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Due recognition of these national interests is India’s right, of course. However, India’s present experience is one where the pace of foreign investments has fallen and where the current account deficit has risen, together contributing to the decline in the value of the rupee. Liberalizing FDI in all sectors of civil aviation should encourage greater inflow of capital and could help India to increase carrier fleets, improve carrier operations and profitability and enhance infrastructure. Stronger air carriers should bring in more competition for domestic and international travel.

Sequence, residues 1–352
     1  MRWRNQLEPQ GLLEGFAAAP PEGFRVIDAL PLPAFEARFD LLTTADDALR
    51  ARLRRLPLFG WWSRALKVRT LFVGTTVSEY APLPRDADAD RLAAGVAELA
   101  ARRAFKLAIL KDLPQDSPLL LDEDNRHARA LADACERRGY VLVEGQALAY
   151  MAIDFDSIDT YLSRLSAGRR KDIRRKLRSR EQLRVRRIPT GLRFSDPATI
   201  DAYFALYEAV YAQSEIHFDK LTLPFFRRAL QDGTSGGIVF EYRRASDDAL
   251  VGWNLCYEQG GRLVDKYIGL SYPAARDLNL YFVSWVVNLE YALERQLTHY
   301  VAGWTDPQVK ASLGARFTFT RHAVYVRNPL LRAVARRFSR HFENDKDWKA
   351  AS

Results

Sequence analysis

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The views expressed are of the author and do not necessarily represent the opinions or policies of the Indian Defence Review.

About the Author

Robert S Metzger

Robert S Metzger is a lawyer in private practice with the law firm of Rogers Joseph O’Donnell, PC and is a former Research Fellow at the Centre for Science & International Affairs, John F Kennedy School of Government, Harvard University. He is a member of the International Institute of Strategic Studies.

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One thought on “Challenges Facing Civil Aviation in India

  1. Its a very sad condition. Aviation industry in India is at a very bad phase. Problems lie with inadequate political and regulatory agency’s (DGCA) will to change the policies in INDIA.